A campus-wide survey into sexual harassment and assault has revealed 41 per cent of students who reported incidents found the University’s procedures did not help them at all.
According to the Safer Community for All survey, which was conducted last year, a further 27 per cent of students felt the procedures were helpful, but that more could be done.
Although most of the survey’s respondents believed the University has support services, they did not know where to locate them.
The survey results showed extremely low reporting rates, with only 4 per cent of students who had witnessed an incident reporting it to the University.
Reporting amongst male students was higher than national averages, with 30 per cent of undergraduate males reporting their experiences to the University.
The data, representing the views of over 2000 students, also identified non-binary and transgender students as disproportionately at risk of harassment and assault.
The Safer Community For All survey was developed by Student Services last year, following a 2014 Honi exposé into the University to address sexual harassment and assault on campus. The survey was conducted with the support of Elizabeth Broderick, the then Sex Discrimination Commissioner.
The survey’s results were revealed in a working group meeting of student representatives and members of University management on February 5.
Student representatives present at the meeting requested the full raw results of the survey, but were reportedly told they were confidential.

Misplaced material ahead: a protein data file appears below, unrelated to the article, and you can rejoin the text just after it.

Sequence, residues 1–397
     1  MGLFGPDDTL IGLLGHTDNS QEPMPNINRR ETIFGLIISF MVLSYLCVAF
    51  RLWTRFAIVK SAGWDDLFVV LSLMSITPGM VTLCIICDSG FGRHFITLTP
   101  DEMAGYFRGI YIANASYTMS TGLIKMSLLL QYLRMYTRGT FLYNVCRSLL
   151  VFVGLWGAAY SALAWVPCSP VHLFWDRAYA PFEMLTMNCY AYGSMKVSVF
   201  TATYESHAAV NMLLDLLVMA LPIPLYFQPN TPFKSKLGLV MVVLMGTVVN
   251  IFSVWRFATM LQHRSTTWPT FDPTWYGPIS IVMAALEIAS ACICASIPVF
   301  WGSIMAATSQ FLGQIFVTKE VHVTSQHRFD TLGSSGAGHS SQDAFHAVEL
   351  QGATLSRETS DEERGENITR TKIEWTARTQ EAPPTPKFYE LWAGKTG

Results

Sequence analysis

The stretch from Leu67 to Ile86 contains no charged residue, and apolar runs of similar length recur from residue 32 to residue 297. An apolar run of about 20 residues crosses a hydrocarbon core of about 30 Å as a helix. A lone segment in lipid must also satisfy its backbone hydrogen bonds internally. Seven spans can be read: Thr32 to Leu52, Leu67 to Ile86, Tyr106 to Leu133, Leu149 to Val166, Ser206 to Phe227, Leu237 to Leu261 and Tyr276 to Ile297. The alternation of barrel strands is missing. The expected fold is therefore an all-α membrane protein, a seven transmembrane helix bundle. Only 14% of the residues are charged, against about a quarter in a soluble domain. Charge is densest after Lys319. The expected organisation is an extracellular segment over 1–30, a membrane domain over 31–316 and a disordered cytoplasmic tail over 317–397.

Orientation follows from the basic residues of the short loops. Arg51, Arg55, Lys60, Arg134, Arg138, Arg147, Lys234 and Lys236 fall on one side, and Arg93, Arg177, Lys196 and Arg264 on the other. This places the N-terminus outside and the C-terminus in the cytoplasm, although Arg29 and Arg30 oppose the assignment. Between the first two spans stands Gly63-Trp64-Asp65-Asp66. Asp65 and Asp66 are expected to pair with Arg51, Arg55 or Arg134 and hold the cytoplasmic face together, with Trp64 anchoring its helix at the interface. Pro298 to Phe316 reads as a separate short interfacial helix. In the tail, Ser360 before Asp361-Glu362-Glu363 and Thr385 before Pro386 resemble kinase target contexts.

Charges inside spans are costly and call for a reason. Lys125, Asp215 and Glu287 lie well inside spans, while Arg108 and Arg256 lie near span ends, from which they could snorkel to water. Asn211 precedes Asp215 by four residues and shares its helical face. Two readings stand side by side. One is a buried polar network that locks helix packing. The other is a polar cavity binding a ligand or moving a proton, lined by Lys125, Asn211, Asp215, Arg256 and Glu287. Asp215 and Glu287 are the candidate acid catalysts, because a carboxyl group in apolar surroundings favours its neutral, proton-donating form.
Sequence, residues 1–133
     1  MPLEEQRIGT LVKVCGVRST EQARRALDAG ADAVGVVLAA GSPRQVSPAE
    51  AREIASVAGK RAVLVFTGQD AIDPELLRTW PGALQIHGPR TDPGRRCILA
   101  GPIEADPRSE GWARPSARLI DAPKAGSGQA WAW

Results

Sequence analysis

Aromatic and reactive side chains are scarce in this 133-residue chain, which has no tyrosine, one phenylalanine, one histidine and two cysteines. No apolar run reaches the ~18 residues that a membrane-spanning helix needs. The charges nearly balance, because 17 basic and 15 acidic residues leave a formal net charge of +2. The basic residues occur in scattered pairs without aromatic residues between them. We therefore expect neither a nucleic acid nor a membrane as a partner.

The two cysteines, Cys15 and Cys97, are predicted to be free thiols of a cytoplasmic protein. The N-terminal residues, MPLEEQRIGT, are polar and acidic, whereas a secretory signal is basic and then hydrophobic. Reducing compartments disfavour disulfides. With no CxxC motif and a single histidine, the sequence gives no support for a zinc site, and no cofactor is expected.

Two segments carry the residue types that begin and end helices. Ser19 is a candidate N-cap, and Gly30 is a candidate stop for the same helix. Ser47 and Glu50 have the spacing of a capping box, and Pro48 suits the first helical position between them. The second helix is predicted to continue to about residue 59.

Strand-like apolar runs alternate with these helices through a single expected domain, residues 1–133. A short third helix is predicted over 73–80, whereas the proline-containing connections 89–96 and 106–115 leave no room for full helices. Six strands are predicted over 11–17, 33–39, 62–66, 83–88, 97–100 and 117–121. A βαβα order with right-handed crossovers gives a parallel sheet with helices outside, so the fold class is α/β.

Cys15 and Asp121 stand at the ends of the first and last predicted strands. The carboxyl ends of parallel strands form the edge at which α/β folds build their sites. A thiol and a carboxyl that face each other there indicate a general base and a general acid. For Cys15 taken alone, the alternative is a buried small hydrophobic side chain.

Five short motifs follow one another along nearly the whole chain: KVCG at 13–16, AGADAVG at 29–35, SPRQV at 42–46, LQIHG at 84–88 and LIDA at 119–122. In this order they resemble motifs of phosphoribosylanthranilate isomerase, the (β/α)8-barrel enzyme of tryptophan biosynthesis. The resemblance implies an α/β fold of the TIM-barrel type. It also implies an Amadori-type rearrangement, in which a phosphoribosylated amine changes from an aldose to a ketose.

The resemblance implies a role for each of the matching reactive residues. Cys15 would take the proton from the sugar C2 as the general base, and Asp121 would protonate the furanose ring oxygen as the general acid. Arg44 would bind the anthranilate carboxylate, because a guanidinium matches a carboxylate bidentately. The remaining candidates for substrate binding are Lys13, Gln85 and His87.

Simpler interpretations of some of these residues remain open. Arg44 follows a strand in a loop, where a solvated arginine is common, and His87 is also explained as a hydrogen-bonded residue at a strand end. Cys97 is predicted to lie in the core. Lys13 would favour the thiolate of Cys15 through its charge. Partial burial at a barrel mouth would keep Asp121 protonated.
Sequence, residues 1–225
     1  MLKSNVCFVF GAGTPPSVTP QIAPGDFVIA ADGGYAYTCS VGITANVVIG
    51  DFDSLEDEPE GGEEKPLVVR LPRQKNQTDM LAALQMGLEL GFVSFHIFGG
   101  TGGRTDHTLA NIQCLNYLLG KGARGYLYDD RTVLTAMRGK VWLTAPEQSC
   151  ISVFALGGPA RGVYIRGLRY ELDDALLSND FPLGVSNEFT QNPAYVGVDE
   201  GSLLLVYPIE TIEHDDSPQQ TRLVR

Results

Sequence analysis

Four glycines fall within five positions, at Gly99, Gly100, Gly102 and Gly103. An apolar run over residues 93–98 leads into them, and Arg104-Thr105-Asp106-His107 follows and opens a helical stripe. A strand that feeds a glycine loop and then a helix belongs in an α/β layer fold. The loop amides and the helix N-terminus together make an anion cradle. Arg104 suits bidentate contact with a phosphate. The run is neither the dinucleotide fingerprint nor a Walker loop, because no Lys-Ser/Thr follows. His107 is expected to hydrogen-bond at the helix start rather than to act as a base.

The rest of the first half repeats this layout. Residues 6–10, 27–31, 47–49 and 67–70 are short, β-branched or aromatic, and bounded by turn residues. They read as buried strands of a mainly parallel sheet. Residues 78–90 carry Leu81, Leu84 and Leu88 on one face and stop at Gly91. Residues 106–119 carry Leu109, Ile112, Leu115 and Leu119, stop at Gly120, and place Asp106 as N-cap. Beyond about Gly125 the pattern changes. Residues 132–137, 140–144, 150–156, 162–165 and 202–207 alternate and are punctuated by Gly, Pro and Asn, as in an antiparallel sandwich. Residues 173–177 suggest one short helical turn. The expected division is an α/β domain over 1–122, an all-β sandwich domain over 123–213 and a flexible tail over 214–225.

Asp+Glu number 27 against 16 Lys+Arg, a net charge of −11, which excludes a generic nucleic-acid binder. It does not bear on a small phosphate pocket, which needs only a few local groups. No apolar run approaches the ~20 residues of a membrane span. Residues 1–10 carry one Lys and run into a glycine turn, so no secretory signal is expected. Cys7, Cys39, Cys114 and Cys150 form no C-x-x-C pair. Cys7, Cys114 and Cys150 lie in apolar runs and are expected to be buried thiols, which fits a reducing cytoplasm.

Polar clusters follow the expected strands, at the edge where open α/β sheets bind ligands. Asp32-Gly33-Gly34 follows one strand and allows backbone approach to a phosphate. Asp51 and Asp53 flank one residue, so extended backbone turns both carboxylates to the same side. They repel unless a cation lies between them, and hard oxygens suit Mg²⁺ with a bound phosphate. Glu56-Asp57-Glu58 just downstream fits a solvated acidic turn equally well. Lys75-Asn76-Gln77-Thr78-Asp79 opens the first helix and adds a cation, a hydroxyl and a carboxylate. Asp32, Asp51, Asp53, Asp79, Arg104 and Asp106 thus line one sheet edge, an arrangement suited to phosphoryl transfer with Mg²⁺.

Honi contacted the Director of Student Services, Jordi Austin, and the Project Manager of the initiative, Sophia Barnes, for comment. They were both unavailable.
However, Austin told Honi that the results were yet to be presented to the Senior Executive Group (SEG), the body with the power to enforce any recommendations produced by the survey.
The recommendations of the working group so far include the development of a clear policy statement by the University, a sexual violence education program, review of security measures, and improved mechanisms for reporting and support services.
University of Sydney Union Wom*n’s Portfolio Holder, Tiffany Alexander, said one of the main themes of the working group discussion was the importance of “drawing in” people who did not see the issue as significant.
Students’ Representative Council Wom*n’s Officer, Anna Hush, expressed concern about the University analysing its own data rather than commissioning independent analysis. She believed this could lead the University to “downplay the issue.”
Hush also expressed the importance of having a dedicated page on the University’s website with resources and “clear, transparent ‘steps of action’ that you can take”. This was promised in 2014 when the campaign started, but has not yet come to fruition.
Feature image source: the Hunting Ground documentary.